She: “The content gets better every year. Victoria is growing up in its artistic choices. I have heard music, seen films, attended theatre and dance that is innovative, wonderful and with lots of talent. I totally enjoy the feeling of being part of a community, of going to festivals and showing ourselves to ourselves.”

Showing ourselves to ourselves. That’s it in a concise, crisp phrase. It seems that we humans need to congregate, to converse, to construct new rituals in a social space. Some studies show that festivals are still growing in Canada. Anecdotal evidence suggests that maybe we have peaked—there are only so many weekends in the year—that our society is now saturated with festivals.

For over a decade the Inter-Cultural Association (ICA) produced a highly successful lantern festival, Luminara, in Beacon Hill Park. It has not been held since 2009. I asked Karin Scarth, ICA arts manager, what happened. 

“Yes, it had to do with losing our funding. But also, in some ways we were too successful. Luminara was growing every year and the park was becoming ‘too full.’ Sometimes young kids felt overwhelmed by so many people. Plus, we wanted to try new things, not just repeat the same formula year after year.”

Karin continued: “The spirit of Luminara lives on in our Moon Festival in Gordon Head, coming again this September. We always want our art projects to reflect the ICA mandate of welcoming and empowering new immigrants to Victoria. Big festivals can do that but perhaps there are other, more effective ways of doing that.”

One of the knocks from the arts establishment towards festivals has been that they are too popular, not artistic enough, too “beer-gardeny.” I have never felt this way myself. To me, festivals occupy a critical position in the arts ecology—they attract citizens to a popular, fun event where they are exposed to artists and art forms. To me, this is a good thing. The first time should always be free!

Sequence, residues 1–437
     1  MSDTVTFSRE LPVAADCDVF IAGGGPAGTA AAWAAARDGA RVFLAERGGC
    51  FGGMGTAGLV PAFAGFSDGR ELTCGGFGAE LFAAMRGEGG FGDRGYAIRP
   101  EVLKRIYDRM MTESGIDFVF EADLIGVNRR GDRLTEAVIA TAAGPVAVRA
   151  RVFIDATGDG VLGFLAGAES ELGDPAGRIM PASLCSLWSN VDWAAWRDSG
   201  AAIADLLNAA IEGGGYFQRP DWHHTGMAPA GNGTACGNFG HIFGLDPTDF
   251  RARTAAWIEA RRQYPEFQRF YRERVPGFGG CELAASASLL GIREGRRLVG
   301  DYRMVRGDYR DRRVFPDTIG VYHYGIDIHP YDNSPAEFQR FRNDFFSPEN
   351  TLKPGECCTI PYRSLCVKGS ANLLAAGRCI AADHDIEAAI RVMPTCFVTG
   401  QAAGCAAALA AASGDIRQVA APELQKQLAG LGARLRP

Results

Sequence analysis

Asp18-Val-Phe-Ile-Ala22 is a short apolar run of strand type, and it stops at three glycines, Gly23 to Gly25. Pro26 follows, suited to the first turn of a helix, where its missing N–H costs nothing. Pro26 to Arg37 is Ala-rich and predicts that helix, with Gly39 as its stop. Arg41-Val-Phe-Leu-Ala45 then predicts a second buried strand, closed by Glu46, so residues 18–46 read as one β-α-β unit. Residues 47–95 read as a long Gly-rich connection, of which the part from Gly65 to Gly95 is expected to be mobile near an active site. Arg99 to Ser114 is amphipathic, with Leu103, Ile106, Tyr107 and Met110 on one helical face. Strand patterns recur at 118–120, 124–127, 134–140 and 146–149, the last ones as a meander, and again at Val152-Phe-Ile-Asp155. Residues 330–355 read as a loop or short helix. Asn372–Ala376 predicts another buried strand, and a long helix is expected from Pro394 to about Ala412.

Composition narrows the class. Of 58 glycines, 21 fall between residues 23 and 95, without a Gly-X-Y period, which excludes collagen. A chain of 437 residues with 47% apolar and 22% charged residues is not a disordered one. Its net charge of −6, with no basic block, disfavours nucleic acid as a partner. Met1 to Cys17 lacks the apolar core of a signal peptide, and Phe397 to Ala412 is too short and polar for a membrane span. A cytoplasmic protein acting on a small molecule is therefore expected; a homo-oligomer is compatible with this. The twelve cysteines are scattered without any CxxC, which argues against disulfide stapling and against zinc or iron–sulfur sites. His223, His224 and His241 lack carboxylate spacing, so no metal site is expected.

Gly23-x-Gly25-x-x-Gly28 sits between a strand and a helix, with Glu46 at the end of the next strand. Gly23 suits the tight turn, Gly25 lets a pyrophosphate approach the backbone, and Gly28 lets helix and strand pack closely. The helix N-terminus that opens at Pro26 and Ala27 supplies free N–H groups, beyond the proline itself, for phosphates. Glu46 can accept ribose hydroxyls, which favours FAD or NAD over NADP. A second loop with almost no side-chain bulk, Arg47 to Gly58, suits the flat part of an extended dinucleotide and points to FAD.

And in sync with Ms Scarth’s observation, more and more festivals are producing one-offs in the off-season. Concerts, workshops, community consultations, all with the purpose of being more engaged in the local; more effective; more open to fresh ways of elaborating cultural forms in public spaces.

While doing research for this column I came across an impact study on festivals in Edinburgh, Scotland. Of course, it contained all those magic, economic spin-off numbers beloved by those who make the arts-are-good-for-business arguments.

But the study thoughtfully included a bunch of other outcomes—providing enriched, unique cultural experiences; developing creative industries; presenting learning benefits for citizens; enhancing local identity; supporting cultural diversity; generating social networks and encouraging community cohesion.

Kath Mainland, chief executive of the largest festival in the world—the Edinburgh Fringe Festival—responded to the study in this way: “If you don’t value the quality of the experience,” she said, “then the economic benefits simply don’t flow.”

Exactly! So go out and have some festival fun. Spend as much money—or not—as you like. Do not worry about the GDP.

But, oh yeah, do remember to give thanks to the bounty of this land. You will be carrying on a critically important tradition which honours where we live. On this territory, we are guests of the Coast Salish peoples. The ones who kept those fires burning long before any non-Aboriginals ever came to this land.

We are lucky to live here. 

I wish you a delectable, festive summer.

Chris Creighton-Kelly is a Canadian artist and writer who lives in the Victoria area. Along with France Trépanier, he is the co-author of Understanding Aboriginal Arts in Canada Today.